Economic challenges have forced many businesses and consumers to become more innovative in order to stretch dollars further. For companies, that has meant scaling back operations, using their resources more efficiently and reverting to lower-cost, higher-return tactics such as direct mail.
Other groups have had to pass their increased costs on to customers. Royal Mail recently announced that it would be increasing the cost of its First Class stamp from 46 pence to 60p, a move it says was necessary for preserving the viability of its universal postal service, Neil Maidment writes for Reuters.
"We know how hard it is for households and businesses when our economy is as tough as it is now," said Moya Greene, Royal Mail CEO, in a statement. "No one likes to raise prices in the current economic climate but, regretfully, we have no option."
Greene added that Royal Mail retains its position as one of the top European postal services with the "lowest prices for both consumers and business."
In the statement, Royal Mail noted that it would also continue its efforts to be more efficient while also cutting costs, a process that can sometimes be painful.
Following the announcement, mailroom equipment provider Neopost issued a statement reminding small businesses that transferring from using stamps in their direct marketing campaigns to franked mail could provide discounts and cost savings. As the company noted, franking can be up to 39 percent less expensive than stamps, particularly when sending high volumes of mail.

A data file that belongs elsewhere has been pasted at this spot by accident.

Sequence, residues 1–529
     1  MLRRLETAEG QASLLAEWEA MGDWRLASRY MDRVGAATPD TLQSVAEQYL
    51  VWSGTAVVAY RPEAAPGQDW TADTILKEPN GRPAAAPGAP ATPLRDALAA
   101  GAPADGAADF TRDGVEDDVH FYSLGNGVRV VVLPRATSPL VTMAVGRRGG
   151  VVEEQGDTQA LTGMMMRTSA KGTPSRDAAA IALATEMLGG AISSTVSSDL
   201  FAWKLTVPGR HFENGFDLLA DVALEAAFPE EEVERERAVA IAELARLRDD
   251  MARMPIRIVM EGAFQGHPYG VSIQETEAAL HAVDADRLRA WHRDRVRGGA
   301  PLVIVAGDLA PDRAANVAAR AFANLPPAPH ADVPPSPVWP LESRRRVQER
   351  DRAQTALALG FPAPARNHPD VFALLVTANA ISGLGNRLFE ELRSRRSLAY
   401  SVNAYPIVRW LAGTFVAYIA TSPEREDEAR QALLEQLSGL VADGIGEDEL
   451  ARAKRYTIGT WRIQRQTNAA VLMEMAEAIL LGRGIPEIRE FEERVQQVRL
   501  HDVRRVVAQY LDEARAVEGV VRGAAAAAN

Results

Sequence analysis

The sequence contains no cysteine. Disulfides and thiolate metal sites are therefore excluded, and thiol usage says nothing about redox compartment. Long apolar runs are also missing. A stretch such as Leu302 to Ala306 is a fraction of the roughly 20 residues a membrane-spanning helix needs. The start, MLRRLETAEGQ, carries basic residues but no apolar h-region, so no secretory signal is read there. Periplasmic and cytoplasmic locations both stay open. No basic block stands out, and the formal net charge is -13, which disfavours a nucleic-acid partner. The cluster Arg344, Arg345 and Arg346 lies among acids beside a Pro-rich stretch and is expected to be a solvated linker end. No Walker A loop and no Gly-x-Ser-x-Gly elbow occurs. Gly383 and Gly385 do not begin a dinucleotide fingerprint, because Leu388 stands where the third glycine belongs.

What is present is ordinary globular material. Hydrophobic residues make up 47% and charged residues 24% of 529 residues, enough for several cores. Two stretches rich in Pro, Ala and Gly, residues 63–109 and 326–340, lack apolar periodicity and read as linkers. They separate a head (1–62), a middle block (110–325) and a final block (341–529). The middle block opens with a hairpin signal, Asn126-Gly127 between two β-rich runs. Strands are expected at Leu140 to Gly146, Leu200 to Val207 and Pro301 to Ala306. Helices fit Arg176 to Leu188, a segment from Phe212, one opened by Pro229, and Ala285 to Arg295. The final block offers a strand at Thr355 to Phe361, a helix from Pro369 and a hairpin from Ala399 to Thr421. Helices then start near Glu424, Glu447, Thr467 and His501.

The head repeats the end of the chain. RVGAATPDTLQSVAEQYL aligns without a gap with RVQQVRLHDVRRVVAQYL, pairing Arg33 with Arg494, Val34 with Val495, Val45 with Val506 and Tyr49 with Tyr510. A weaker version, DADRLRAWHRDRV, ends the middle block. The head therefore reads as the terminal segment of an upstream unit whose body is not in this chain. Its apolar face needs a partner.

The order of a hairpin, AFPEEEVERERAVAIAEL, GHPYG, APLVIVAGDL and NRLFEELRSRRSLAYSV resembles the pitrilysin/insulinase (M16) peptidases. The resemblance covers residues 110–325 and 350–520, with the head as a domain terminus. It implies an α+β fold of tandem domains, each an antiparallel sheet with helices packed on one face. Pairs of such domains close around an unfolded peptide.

"Royal Mail wants to support businesses with cost-effective postal solutions during this period of economic uncertainty," Neopost observed. It added that with franked mail prices remaining low, companies can increase their mailing volumes, which may generate more business.
Organisations can make their mail operations even more cost-effective by devoting more time to list cleansing and keeping their customer contact databases clear of errors, duplications and outdated entries. If companies are more precise when launching a mailing blitz, their response rates and returns on the investment can be driven higher.
The Direct Marketing Association also responded to the announcement, with chief of operations Mike Lordan saying the group hoped Royal Mail would be responsible with its new commercial freedom "by consulting and listening to its customer before it implements any changes."